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the future of… (3)

It is always great to hear about new and clever ways to use blogs and the internet to promote (and hopefully do) science better. So, I’m a keen consumer of the Flash-presentations of the talks at the Science in the 21st century conference. Bee of Backreaction is one of the organizers and has a post on it as does Woit of Not Even Wrong.

Chad Orzel of Uncertain Principles gave an entertaining talk titled Talking to My Dog about Science: Weblogs and Public Outreach. Not that much about the dog bit except that two of his blog-posts explaining physics to his dog landed him a book contract (book scheduled to appear early 2009).



He compared two ways of communicating scientific discoveries : the Newtonian way (aka publishing in peer reviewed journals) aiming deliberately to make your texts only readable to the experts, versus the Galileian way (aka blogging or science-journalism) trying to find a method to maximize your readership and concluded (based on history) that the Newton-manner is far better for your career…

Jacques Distler of Musings continued his crusade to convince us to use mathML for TeX-rendering in Blogs, Wikis, MathML: Scientific Communication. Of course he is right, but as long as the rendering depends on the client to install extra fonts I’m not going to spend another two weeks sanitizing this blog to make it XHTML-compliant. We’ll just have to wait for html5 and compatible browsers…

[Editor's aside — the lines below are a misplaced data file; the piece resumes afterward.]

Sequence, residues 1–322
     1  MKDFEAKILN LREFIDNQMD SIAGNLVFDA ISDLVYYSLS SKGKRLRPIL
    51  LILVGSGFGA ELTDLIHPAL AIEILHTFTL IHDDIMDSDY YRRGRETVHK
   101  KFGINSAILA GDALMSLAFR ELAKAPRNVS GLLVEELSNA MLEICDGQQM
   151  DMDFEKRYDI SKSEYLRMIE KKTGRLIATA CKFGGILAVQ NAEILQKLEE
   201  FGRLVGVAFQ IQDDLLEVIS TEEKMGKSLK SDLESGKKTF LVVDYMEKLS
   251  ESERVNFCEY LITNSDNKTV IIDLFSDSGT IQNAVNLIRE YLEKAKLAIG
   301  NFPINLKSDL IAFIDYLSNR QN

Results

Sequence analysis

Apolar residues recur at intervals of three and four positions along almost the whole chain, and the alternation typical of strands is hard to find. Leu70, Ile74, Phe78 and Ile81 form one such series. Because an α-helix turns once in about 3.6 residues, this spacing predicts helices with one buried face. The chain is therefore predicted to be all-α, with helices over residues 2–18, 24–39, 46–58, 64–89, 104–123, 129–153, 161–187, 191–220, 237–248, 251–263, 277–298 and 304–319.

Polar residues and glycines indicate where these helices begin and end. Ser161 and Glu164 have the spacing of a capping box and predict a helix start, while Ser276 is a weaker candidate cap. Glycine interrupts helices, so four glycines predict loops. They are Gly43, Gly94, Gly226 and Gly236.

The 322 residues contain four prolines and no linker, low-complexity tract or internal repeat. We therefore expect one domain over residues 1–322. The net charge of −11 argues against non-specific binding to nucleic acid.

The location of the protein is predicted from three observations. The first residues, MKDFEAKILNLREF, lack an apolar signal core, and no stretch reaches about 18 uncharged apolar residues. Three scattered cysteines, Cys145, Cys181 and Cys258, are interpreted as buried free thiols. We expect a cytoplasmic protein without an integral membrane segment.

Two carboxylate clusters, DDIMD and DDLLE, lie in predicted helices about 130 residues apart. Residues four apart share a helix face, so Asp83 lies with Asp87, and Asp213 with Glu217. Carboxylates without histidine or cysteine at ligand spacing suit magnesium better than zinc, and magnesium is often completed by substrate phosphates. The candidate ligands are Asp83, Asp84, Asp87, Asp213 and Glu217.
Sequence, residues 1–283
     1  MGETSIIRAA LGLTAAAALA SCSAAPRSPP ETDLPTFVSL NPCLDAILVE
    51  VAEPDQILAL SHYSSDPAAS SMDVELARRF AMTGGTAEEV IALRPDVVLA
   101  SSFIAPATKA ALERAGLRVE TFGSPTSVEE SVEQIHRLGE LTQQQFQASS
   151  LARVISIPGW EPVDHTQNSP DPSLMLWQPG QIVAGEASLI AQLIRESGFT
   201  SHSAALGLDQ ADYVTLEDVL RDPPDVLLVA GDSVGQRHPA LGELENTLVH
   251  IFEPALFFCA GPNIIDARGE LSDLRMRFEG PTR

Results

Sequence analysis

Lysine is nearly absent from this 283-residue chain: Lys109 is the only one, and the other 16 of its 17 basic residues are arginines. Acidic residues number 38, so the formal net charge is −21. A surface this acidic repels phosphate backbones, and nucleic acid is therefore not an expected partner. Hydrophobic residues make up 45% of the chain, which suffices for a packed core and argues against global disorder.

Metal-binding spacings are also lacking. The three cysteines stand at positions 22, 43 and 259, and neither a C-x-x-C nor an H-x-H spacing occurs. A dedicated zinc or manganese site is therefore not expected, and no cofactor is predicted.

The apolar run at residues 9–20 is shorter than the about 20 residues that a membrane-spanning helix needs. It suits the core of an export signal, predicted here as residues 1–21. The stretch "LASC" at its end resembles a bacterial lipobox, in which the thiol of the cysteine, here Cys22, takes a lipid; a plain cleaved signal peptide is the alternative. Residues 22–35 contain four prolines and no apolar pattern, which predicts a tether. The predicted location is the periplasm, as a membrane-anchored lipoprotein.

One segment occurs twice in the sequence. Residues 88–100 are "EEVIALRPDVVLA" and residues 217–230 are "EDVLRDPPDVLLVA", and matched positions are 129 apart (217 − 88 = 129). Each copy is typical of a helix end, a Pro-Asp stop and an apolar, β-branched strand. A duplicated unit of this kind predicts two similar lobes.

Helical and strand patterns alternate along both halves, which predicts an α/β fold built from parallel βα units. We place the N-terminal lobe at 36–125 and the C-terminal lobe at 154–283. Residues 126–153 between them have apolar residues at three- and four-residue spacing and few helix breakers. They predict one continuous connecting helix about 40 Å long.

A talk I found extremely interesting was The Future is a Foreign Country by Timo Hannay of the Nature Publishing Group on the new challenges facing publishers in times of internet.



Above a text-message filed in as homework (‘describe your holiday’). When Timo decrypted it, I had to think about my old idea of writing a course using only text-messages…

Truly shocked was I when I saw the diagram below in Paul Ginsparg’s talk Next-Generation Implications of Open Access



It depicts the number of submissions to the arXiv by day-time of submission over 24hours. I would have expected a somewhat smooth pattern but was totally blown away by the huge peak around 16hrs. I’ll let you discover the mystery for yourself but it seems to be related to the dead-line for submission, the corresponding order the papers are mentioned in the emails send out, and its effect on the number of references these papers get within the first year…

Somewhat unlucky was Victor Henning in his talk Mendeley: A Last.fm for Research? when he wanted to demonstrate the mendeley web-interface but lost his internet connection…



Still, it seems like a good initiative so I’ve registered with the mendeley site, downloaded the software and hope to explore it over the coming days. I really hope this will turn out to be the one web2-idea catching on among the mathematics-community…

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